Creative women with an audience like Cindy Sherman and Laura Mulvey are paving the way for positive discussion about the gaze and gender identity. Now that women have a voice in the contemporary art scene, we can use that voice to talk about these issues and teach men the biases they consciously or subconsciously possess. We must challenge the gaze and create beauty and aesthetic ideals of our own. Once we understand these structures we will be able to change the gender expectations we have upheld for so long. When traditional patriarchal values are challenged, we are able to loosen the grip of the internal and external male gaze. 

Annotated Bibliography: 


Public Delivery. “Cindy Sherman’s Untitled Film Stills – Her Groundbreaking Self Portraits.” Public Delivery, 19 Oct. 2021, https://publicdelivery.org/cindy-sherman-untitled-film-stills/.

  • This article talks about Cindy Sherman’s Untitled Film Stills series as a whole. It is broken into sections covering each aspect of her career. The article includes many examples of the photographs with titles and dates at the bottom. Subjects that are discussed include femininity, presentation and the role of women. They also talk about cliches for women and how we can alter our appearance to meet these ideals. 

Pritchard, Saara. “Cindy Sherman (B. 1954) Untitled (#175).” Cindy Sherman (B. 1954) , Christies – Auction, 7 May 2016, https://www.christies.com/en/lot/lot-5994787.

  • This is an auction listing that includes an essay about Cindy Sherman’s artwork Untitled (#175). The article gives details about the piece and its previous exhibitions. Below is an essay that includes quotes from Cindy Sherman about the work and her intentions for it. They talk about the female presentation of self and how we represent femininity. The work is almost a response to her previous work as it opposes the male gaze by showing grotesque imagery. The work is a self portrait.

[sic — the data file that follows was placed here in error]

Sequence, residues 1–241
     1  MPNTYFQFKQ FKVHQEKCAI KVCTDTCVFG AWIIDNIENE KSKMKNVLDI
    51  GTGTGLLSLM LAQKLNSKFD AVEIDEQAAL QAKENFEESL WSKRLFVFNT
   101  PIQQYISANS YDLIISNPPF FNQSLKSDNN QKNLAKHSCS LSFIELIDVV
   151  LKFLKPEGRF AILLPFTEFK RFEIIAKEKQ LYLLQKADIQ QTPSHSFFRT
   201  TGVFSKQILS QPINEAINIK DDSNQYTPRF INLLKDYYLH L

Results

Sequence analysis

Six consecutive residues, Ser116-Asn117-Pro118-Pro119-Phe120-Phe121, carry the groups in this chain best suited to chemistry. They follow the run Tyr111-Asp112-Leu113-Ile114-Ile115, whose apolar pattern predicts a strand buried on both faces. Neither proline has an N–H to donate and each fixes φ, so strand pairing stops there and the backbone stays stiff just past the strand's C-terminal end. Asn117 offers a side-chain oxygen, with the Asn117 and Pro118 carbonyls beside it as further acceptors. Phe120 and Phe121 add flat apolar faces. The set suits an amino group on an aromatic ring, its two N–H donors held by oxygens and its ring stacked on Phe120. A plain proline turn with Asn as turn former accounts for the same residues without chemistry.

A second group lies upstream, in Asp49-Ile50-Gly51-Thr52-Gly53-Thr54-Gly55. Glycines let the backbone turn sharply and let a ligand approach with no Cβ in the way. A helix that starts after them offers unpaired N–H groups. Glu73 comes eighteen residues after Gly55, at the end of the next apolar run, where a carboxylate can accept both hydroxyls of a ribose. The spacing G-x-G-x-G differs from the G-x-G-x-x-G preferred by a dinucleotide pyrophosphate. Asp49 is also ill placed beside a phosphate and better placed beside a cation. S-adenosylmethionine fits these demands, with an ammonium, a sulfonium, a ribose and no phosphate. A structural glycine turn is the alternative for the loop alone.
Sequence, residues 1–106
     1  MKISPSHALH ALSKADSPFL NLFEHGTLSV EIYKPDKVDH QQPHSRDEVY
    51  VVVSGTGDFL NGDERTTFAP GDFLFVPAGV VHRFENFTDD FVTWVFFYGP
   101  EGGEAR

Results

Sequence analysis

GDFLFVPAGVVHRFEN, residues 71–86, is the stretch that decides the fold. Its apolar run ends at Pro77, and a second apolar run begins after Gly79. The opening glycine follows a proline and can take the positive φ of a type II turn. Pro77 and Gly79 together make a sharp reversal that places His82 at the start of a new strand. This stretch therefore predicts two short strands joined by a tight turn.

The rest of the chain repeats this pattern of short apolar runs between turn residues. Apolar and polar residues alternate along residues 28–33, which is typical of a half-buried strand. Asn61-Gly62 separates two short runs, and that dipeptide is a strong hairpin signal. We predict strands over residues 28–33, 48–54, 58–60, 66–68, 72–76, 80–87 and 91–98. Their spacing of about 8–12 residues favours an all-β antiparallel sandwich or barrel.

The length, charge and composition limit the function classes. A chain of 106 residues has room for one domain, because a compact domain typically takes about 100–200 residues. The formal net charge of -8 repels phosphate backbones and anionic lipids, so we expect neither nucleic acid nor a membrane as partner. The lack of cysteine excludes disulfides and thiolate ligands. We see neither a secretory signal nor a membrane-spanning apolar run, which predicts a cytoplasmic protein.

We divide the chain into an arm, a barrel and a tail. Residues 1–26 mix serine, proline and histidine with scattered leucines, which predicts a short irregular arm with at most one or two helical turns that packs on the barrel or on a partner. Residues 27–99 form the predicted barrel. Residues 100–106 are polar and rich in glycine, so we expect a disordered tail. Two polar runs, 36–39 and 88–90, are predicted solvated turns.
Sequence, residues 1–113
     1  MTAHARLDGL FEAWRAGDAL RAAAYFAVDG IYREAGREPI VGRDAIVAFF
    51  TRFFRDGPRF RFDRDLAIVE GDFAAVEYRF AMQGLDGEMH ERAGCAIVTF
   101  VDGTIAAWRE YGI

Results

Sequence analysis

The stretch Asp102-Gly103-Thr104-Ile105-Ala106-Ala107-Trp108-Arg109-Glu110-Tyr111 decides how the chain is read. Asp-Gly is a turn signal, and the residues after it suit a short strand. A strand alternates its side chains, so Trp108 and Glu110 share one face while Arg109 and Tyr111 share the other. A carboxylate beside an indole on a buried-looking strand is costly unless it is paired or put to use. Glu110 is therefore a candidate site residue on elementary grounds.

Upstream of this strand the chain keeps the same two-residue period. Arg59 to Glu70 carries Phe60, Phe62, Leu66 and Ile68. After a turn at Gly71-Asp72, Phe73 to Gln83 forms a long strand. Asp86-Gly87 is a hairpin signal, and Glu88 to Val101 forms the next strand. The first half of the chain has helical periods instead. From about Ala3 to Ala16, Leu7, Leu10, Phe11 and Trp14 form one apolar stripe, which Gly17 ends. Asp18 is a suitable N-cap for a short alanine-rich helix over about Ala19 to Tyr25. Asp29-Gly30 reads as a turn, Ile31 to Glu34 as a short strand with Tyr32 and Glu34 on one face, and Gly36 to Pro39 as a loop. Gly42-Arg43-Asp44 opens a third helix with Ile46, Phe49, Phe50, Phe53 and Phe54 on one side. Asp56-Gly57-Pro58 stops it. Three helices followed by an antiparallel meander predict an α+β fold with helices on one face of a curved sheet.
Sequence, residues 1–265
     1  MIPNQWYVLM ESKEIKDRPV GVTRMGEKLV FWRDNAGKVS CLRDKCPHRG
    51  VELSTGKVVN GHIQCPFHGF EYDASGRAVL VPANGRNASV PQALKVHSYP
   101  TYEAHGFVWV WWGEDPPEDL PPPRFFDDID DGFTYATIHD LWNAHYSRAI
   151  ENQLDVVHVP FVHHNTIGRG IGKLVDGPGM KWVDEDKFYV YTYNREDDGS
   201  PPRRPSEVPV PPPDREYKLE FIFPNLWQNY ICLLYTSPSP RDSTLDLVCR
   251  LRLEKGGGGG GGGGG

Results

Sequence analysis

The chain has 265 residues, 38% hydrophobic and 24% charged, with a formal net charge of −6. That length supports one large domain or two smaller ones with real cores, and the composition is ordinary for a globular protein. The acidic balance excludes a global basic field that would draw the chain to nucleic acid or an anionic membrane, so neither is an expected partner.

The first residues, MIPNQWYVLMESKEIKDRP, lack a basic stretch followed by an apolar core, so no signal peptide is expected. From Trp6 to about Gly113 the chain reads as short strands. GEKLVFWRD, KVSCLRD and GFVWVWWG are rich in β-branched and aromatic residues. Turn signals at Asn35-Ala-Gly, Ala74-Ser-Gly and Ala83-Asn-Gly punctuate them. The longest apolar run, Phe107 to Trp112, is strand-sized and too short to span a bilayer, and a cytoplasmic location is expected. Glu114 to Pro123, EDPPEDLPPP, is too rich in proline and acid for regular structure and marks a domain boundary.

Mulvey, Laura. “Visual Pleasure and Narrative Cinema.” Feminisms, 1975, pp. 432–442., https://doi.org/10.1007/978-1-349-22098-4_25

  • This essay analyzes old Hollywood films and the role gender plays within them. Mulvey critiques women’s submissive roles and the tools used to objectify its characters. She analyzes the pleasure that comes from giving and receiving the gaze and how we are made out to be the erotic spectical that only exists to please men.

Ricci, Benedetta. “Portraits of America: Cindy Sherman’s Untitled Film Stills.” Artland Magazine, 28 Oct. 2020, https://magazine.artland.com/portraits-of-america-cindy-shermans-untitled-film-stills/.

  • This article talks about Cindy Sherman’s Untitled Film Stills from a political perspective, investigating her impact on feminist discource in america. It goes into her backstory as well as including quotes from Sherman herself. The focus being on her early film stills and the cliche woman she is representing. The article uses her own words to discuss the inner turmoil she has about her gender identity.

Analysis of Ngozi Adichie’s TEDxEuston Talk

Categorical influences including gender, social class and race, dictate the quality of life. Considering that individual experiences alter, it is imperative to acknowledge the localities and social location of an individual in order to determine their needs and their respective forces of inequalities.

Chimamanda Ngozi Adichie focuses on the localities and social location in Africa, and specifically, Nigeria. She reveals many experiences in her life, and in her surrounding African, cultural society wherein there are problematic injustices associated with gender inequality.

In order to provide a credible argument, she uses radical, multiethnic/multiracial, social constructionist, liberal, marxist and socialist feminist theories, ideologies relating to feminist studies of men, and terms pertaining to postmodern feminist and third-wave feminism. In Ngozi Adichie’s TEDxEuston Talk, We Should All Be Feminists (2013) (00:30:15), the many feminist theories are used to emphasize the need for feminism in everyday life. Although a few gaps in her presentation will be discussed throughout the discourse of the essay, Ngozi Adichie successfully makes her argument as to why we should all be feminists